Cary: What I have been trying to explain is that we need to be very careful about any actions we take – whether they are to help or hurt. We need to ask why (see Joe’s essay) we are doing what we are doing and what the ramifications will be. Much of our behavior comes from believing we know better than other countries. We look at them as “less developed” (because we are so developed that we don’t have huge problems of drug addiction, homelessness, poverty, inequality, racism, etc. in our country – note the sarcasm) and try to impose the U.S. system on them. This is irresponsible. I did not say we shouldn’t help anyone but there are a few major points to consider: we cannot do it out of our own interest or we will do it indiscriminately (we help some countries when ethnic cleansing is occurring for example and not others) and we the right people need to be involved – not people who want oil or other resources – people who are aware of how these actions affect the world (historians, anthropologists). Also, I just have to bring us back to the present and recall that what we are doing in Afghanistan is not a sticky morally ambiguous scuffle with people who are trying to overthrow a government or the like.

Steve: “Doing no harm isn’t necessarily doing anyone any good. It dismisses those who can’t or don’t know they can ask for help. How many Africans have to die in their stupid little class wars and tribal feuds. How many have died or suffered horribly because no one (not just the US) has acted. Do no harm, cannot be an activist/reformist perspective simply because it is apathetic by nature. What is harmful to some may be helpful to others. What is harmful can also be dictated by others instead of your own beliefs. Stopping a war and feeding innocent people may require force. Stopping innocent people from being slaughtered may require force. Everyone pisses and moans about our methods. But can you imagine what the results would be in many instances where force was necessary, if it was not used. There is no way there will be any kind of peace in Ireland without the Brits taking care of business. Those idiots would slaughter each other. And the same in Bosnia. What is wrong with people trying to save other people from the little insane men? Can you actually expect that these men would stop if you asked them. If you verbally assaulted them do think they would listen. So how many more would die because you wanted to do no harm? Do no harm is for doctors.”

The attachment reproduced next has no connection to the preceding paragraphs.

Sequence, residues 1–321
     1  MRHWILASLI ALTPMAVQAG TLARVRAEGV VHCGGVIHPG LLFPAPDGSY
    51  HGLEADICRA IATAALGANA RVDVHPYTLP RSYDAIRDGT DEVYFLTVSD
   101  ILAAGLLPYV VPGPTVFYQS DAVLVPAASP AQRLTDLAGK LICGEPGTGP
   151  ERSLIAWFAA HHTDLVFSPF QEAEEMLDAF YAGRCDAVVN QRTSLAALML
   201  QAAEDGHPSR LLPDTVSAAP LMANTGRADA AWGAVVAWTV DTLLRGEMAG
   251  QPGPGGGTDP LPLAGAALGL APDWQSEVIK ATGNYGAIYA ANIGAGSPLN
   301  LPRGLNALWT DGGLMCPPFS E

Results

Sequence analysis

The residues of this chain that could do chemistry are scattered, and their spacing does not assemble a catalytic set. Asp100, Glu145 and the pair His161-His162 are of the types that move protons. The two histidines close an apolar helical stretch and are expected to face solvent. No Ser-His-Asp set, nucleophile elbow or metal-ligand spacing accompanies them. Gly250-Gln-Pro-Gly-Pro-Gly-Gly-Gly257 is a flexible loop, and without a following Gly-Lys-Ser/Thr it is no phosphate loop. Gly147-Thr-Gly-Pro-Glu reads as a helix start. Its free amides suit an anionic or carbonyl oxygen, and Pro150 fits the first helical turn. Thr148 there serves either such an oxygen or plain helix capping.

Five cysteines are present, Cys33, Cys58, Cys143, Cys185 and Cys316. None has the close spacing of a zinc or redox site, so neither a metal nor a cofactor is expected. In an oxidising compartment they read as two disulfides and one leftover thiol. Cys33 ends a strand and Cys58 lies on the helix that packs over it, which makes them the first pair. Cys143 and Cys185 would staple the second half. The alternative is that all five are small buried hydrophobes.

Cary: I believe that doing no harm is an incredibly complex and active process. You have to consider all the consequences of your actions to be sure you are helping and not inadvertently doing harm. This does not mean you become paralyzed and do not act. But you act with much greater responsibility, as I would hope a doctor would do. It also doesn’t mean that you don’t take risks.
As for what is wrong with people using force to save one another, well, this isn’t an easy question of course. But I mostly think this: it hasn’t worked so far. Violence begets violence. We are not primates anymore – we can move beyond that kind of behavior and be creative and do more. Your philosophies will lead us to more and more violence (“to end violence”) while I would rather move towards a peace society.

Steve: “I’m sure that there was great anticipation of using our new toys in ‘real’ situations. That’s the nature of the soldier. Would we be vulnerable without our toys? I think we would be more vulnerable simply because we wouldn’t be perceived as such a threat for retaliation. Right now the insane little men of the world are sweating bullets because we’re out there and can do to them anything we want and they can’t stop us. Is there protection in that? Of course. Who would be foolish enough to attack the US now (and for many years to come) with the threat of such consequences. You are right of course about our activity being directly tied to our ability and hardware. Look at ‘don’t get involved’ Sweden for instance. No hardware, no effort!”